"Tried to keep peace with her"

OK...I'm through.

Minx said...

Thanks, Vanilli, but I fear we are losing this battle.

I am very much on the gin, John G, to be off it would be the stuff of nightmares!

Shameless, my lovely Lurkio, good to see you, honey. The summer brought all sorts of things but not much sunshine although I appear to bathed in it now!

Ah, Soub, we are from a bygone age, you and me. Readers of the paper world, explorers of realms, hunters of the Silver Chairs! Don't forget to tell someone what it was like before.

You are fibber, Debi Alper, Biggles was not your fave, I know full well that you have the full set of Enid Blyton's 'Mallory Towers' series.
I have greeted Master Shameless and now we can have a lovely picnic together with hunks of pork pie and lashings of ginger beer.

I had no trouble with the second bit of yer comment, Bullets, but I am puzzling over 'vagina bench' - Virginia beach? Explain your Merkanisms.
Hi, Bullets (waves).

bulletholes said...

No, Minxy, Vagina Bench would be correct, a kind of variation of a Womb Chair, but I can understand your confusion because I have never sen one either, but if you can come up with one I'd love to come sit on it for a time.
By the way, my verification letters are "smacku"....no shit!

leslie said...

I have found reading to be that rarest form of magic that allows suspension between the two worlds, childhood and adulthood, permanently hovering at the threshold.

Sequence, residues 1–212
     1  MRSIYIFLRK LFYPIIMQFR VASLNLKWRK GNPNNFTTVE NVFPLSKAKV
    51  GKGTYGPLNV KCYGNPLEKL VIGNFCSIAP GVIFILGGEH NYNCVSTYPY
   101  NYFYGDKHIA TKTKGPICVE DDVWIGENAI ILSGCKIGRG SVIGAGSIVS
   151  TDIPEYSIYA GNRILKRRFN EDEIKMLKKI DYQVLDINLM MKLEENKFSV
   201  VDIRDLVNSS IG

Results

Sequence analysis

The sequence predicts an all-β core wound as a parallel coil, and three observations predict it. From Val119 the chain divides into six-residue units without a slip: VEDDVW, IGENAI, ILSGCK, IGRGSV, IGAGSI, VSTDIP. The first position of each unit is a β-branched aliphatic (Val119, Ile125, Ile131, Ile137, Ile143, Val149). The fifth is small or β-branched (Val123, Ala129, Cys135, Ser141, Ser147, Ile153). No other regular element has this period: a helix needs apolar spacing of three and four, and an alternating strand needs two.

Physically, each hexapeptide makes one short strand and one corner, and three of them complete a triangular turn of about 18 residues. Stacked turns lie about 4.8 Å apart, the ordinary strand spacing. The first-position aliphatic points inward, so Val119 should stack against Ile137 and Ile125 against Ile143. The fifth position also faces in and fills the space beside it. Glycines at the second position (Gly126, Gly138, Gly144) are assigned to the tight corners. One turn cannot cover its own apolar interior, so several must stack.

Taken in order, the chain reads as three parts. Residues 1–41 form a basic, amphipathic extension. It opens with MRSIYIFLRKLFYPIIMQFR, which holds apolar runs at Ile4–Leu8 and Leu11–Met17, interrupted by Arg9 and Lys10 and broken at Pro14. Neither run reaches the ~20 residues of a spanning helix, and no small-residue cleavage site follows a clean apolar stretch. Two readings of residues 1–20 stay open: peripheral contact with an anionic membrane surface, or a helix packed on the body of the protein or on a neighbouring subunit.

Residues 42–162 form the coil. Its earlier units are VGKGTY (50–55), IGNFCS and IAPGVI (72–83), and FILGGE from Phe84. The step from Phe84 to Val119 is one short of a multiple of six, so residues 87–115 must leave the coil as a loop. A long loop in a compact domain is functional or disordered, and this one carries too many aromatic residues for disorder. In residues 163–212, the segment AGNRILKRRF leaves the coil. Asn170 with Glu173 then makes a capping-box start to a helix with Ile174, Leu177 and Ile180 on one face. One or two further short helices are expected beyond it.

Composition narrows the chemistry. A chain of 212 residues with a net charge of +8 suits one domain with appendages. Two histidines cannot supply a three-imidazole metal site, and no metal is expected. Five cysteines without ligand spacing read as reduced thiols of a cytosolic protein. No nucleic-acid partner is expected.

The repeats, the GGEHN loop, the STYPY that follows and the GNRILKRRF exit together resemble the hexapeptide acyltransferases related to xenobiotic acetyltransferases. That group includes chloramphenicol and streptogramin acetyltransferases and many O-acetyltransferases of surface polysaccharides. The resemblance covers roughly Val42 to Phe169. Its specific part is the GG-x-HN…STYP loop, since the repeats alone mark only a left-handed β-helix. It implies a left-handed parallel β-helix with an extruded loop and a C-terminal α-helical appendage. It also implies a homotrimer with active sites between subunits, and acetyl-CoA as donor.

petra michelle; Whose role is it anyway? said...

A poignant and lovely post, Minx.
I really feel for children who are weened on the computer. Only books can create the atmospehre of something wonderful and magical.

Yes, love Helen Mirren. I'm just now getting a small taste of the importantce of a good casting director. Have always been on the screenwriter's end. Thanks, Minx!

petra michelle; Whose role is it anyway? said...

Arrr. I think it's time for a chocolate. It'll help me spell better! Chocolates are the answer to any problem! :))

Minx said...

You might find this more interesting, Bullets...
The Velvet Vulva

Magick is exactly what it is, Leslie. I very glad I can still tap into it.

Thank you, Petra, I am passionate about reading.
Chocolates won't help, and for fucks sake don't mix it with spaghetti!

Vesper said...

I remember such a chair, Minx (mine was more like a bed, though... :-)), and I long for it... Unfortunately, there's little place left for it in this "modern" world. We do what we can for our children. I'm happy my daughters love to read.

Minx said...

Mine morphed into bed late at night, Vesper, and a torch was very useful for keeping my world illuminated under the covers!
You're right, but only those who have experienced the joy of losing oneself in a story are able to encourage their children to do likewise.

bulletholes said...

Minx, as I was falling asleep last night, I woke with a start, thinking about Virginia Beach, and how genius you truly are. You were sticking it to me weren't you, and now the Velvet Vulva...I am disgraced and outclassed, but I'm still here and will live to duel another day!
Good show!

Minx said...

I'm sorry I kept you awake, Steve, heh. No disgrace and certainly not outclassed but sharpen up yer wits because I so enjoy pistols at dawn with someone who can fight dirty!

Wanderlust Scarlett said...

I wish more kids today had a passion for these stories... for the classics that have swept some of us away to countless other times and worlds, as a myriad of characters, and brought us fantastic new dreams.